(RNS) — Starting today (Aug. 25) in North Las Vegas, disgraced former General Michael Flynn and Eric Trump, son of the former president, will headline a lineup of MAGA celebrities for resumption, after a summer break, of the ReAwaken America Tour. A political rally in the form of an apostolic revival, the tour is a multi-day Christian nationalist event that includes appearances by “Pastors for Trump,” praise music and even baptisms combined with election denial, COVID-19 disinformation and QAnon conspiracy theories.
Like many Christian-nationalist events, ReAwaken America also brings a bitter side of antisemitism.
The tour’s previous stop, at Miami’s Trump Doral Resort in May, drew attention when MSNBC anchor Rachel Maddow exposed the disgusting pro-Hitler sentiments expressed by two regular tour speakers, Scott McKay and Charlie Ward, after which both men were removed from the lineup.
Their departure didn’t rid the tour of its antisemitism. Far from it.
Flynn and other speakers, including Pastor Jackson Lahmeyer and the tour’s organizer, Clay Clark, regularly send out antisemitic dog whistles from the stage, referring to opponents as “godless globalists,” a term the American Jewish Committee notes has long been conspiracists’ code to refer to prominent Jews, particularly philanthropist George Soros.
Flynn has also argued that America only needs “one religion” — a sentiment he shared while standing in a church known for its antisemitic founding pastor — making it very clear what he thinks of anyone who is not his brand of Christian.
In North Las Vegas, the usual ReAwaken America lineup is expected to be joined by Alex Jones, the founder of the conspiracy-theory outlet Info Wars, who, in addition to questioning the facts about the 2017 mass shooting in Las Vegas, last year allowed the rapper Ye (formerly Kanye West) to air an extended antisemitic rant unchallenged. Also expected is controversial comedian Rosanne Barr, who, while Jewish herself, jokes about Holocaust-denial and “good Jew” jokes.
Flynn, Lahmeyer and Clark have identified themselves at ReAwaken events as “Christian nationalists” — adherents of a political ideology that says America should be a Christian nation where non-Christians receive fewer legal and political rights. Political scientists at Denison University in Granville, Ohio, have found that Christian nationalist sentiments are linked to agreement with antisemitic tropes.
This repugnant showcase of antisemitism, political violence, homophobia and reckless COVID-19 misinformation is not taking place in a vacuum. According to the ADL, one-fifth of Americans believe that “Jews are more willing than others to use shady practices to get what they want” and “Jews have too much power in the United States today.” Antisemitic incidents across the country have reached record levels. Antisemitism is like insidious white noise, so ingrained in the culture of the United States that many seldom notice it, even as it fuels white supremacy and Christian nationalism.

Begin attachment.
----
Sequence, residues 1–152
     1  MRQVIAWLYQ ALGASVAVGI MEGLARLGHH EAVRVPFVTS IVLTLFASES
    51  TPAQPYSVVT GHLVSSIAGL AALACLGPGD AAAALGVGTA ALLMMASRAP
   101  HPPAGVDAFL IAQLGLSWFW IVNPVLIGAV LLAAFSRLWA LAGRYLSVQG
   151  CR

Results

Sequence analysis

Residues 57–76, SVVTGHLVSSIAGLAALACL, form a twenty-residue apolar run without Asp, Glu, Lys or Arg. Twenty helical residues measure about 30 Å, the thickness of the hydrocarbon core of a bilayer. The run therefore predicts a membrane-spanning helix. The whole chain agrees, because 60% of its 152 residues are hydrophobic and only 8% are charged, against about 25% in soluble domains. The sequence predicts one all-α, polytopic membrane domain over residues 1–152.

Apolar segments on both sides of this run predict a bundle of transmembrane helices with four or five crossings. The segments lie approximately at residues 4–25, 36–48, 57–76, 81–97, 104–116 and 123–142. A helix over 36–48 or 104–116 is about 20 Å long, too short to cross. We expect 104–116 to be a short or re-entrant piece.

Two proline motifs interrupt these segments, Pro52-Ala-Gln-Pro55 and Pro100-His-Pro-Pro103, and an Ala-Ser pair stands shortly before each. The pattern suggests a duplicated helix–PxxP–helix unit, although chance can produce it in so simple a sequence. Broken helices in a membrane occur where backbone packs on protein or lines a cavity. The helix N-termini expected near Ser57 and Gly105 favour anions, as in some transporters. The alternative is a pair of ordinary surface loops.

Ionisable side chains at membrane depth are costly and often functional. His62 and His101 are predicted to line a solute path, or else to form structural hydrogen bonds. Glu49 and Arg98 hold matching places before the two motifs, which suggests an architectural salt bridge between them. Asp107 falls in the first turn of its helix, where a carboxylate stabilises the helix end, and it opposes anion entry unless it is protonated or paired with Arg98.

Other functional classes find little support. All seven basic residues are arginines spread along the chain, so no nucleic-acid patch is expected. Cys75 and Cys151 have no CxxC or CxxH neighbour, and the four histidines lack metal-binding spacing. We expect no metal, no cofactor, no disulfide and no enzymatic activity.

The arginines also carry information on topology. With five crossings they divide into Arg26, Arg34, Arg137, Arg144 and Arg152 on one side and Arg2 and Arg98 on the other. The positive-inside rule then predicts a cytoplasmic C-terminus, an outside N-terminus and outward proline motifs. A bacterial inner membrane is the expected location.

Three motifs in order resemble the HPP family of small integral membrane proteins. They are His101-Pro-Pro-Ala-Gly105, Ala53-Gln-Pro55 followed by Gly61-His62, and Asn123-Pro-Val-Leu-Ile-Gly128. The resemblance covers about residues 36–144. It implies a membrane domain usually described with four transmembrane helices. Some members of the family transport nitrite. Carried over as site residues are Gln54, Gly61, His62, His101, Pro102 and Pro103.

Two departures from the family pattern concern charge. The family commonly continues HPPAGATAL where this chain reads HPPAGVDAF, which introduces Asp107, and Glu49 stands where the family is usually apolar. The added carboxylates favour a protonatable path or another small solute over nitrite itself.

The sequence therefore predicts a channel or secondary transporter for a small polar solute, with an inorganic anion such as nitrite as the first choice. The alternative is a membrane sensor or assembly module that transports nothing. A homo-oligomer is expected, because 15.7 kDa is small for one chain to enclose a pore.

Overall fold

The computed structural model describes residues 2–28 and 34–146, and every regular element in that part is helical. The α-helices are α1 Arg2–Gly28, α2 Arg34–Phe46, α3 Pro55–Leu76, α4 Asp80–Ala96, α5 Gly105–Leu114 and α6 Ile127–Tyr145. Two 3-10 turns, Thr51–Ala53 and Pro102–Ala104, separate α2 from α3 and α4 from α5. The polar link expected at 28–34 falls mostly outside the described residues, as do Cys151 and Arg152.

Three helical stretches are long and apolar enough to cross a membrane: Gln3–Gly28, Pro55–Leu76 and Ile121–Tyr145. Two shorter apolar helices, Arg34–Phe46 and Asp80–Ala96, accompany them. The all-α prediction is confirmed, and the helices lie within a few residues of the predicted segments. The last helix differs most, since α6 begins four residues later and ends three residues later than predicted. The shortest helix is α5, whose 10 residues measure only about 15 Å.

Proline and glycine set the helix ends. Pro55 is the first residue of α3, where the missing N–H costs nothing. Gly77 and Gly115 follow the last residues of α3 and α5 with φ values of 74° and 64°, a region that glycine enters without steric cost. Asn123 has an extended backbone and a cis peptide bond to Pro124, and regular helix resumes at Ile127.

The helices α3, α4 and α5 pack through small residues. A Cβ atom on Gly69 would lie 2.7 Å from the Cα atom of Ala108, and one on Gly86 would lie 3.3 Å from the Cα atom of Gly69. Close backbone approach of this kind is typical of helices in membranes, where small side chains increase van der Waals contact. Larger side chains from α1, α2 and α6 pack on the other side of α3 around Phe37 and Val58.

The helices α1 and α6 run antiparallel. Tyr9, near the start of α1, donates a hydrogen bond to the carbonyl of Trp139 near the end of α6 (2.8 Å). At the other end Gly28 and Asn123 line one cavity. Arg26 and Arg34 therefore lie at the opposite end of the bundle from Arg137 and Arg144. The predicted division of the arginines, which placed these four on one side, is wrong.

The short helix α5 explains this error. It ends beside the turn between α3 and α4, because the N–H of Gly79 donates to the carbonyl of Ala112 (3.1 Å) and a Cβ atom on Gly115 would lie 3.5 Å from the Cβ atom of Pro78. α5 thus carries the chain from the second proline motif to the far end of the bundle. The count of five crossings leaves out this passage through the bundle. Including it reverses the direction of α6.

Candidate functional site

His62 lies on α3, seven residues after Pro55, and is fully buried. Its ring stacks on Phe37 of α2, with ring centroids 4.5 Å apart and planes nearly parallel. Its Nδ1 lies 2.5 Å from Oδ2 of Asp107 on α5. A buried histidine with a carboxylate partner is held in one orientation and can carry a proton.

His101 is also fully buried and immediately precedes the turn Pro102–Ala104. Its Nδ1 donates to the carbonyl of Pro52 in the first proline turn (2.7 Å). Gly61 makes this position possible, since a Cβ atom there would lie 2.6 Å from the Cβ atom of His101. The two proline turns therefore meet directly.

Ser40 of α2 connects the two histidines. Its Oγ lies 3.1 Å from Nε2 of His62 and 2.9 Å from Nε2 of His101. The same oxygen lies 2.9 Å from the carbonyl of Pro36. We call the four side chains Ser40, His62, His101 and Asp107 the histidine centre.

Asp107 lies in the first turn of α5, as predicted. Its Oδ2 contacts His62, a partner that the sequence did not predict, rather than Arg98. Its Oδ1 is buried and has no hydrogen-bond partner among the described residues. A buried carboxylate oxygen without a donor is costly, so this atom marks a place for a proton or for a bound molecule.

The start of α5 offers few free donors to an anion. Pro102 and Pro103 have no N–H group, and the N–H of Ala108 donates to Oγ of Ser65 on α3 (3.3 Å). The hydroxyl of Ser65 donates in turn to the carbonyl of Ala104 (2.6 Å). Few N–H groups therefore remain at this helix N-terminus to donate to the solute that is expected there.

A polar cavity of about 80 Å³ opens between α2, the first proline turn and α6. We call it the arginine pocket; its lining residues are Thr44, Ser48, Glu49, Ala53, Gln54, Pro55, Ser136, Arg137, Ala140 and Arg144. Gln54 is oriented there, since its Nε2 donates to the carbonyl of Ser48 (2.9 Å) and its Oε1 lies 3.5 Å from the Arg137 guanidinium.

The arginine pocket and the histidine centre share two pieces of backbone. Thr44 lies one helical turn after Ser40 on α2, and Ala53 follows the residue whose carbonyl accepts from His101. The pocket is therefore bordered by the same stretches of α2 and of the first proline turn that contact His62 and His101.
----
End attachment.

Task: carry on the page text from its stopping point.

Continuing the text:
In this sense, antisemitism is a cornerstone conspiracy theory for many other expressions of hate and extremism that erode trust and undermine democracy. The Southern Poverty Law Center notes that purveyors of hate try “to racialize Jewish people and vilify them as the manipulative puppet masters behind an economic, political and social scheme to undermine white people.”
Nowhere is antisemitism more prevalent than in right wing spaces. In 2020, a major academic survey conducted by researchers at Tufts and Harvard found that “antisemitic attitudes are far more prevalent on the right, particularly on the young far right.”
Even beyond its embrace of conspiracist lies and antisemitic tropes, the possibility for violence might be ReAwaken’s biggest threat. Tour speakers rarely make explicit calls to arms, instead providing their audiences with implicit permission to overturn elections by defending Jan. 6, dehumanizing and demonizing their opponents with language like “Team Jesus vs. Team Satan,” and convincing listeners that anything is justifiable if it’s for Jesus by using rhetoric such as “armor of God” and “spiritual warfare.”
As a pastor, I find these efforts both blasphemous and an existential threat to the country and our churches. The threat isn’t just hypothetical: Christian nationalism has already led to immediate, real-world violence, as it did on Jan. 6, 2021, and in numerous less-reported incidents since.
Hate peddled in the hijacked name of Jesus is too great a threat to our neighbors, our churches and democracy itself for Christians to remain silent. We cannot shy away from taking a stand against antisemitism and Christofascism, whether found on the ReAwaken America Tour, national presidential campaigns, apostolic sermons or local government meetings. The fear that we might lose church members or friends is not a sufficient excuse for allowing Christ’s name to be used as a weapon. Hate is not why we are here.
(The Rev. Nathan Empsall is an Episcopal priest and the executive director of Faithful America. The views expressed in this commentary do not necessarily reflect those of Religion News Service.)